A Photo Essay on a Mother Running for Her Life
Looking back on 32 years as an aid worker
The United Nations says it threatens to be the worst humanitarian crisis since 1945 but chances are you haven’t heard much about it. About 20 million people are at risk of starvation across four countries, mostly in Africa.
Uganda hosts one of the largest refugee populations in the world. Of the 1.2 million refugees in Uganda, 900,000 are South Sudanese.
“This is the worst drought I’ve ever experienced in my entire lifetime”, says 50-year-old Asha, who left her home three months ago. Back in her village in Wadamagoo up in the mountains of Somaliland, she used to live happily with her husband, six children, 200 sheep and goats and 10 camels.
What do you do when faced with the threat of starvation — stay put hoping the situation will improve? Or walk in search of safety and a stable food source? This is the terrible dilemma hundreds of thousands of South Sudanese like 34-year-old Nyarmon are currently facing.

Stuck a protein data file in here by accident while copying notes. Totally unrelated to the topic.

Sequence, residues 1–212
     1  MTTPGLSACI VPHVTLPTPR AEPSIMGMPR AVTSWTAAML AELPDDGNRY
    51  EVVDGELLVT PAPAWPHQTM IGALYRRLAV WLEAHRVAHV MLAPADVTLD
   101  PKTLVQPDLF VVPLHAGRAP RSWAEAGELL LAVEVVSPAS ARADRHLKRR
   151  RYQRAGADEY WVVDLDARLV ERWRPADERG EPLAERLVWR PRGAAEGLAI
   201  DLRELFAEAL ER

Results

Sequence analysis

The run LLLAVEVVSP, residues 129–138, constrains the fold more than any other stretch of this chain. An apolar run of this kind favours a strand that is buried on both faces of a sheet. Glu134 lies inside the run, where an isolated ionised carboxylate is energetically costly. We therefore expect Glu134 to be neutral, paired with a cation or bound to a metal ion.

Seven-month-old Hatem waits to have the tube from the rehydration kit used to treat him for cholera removed. His little hand cannot take it any more. But the hospital where he was brought to receive treatment is crowded with new cases of infection arriving by the minute.
Ten-year-old Mustafa was admitted to the cholera isolation center at the Aljomhuri Hospital in Hajja, Yemen, in critical condition. His parents had hoped that the infection would clear by itself and delayed bringing Mustafa to the hospital.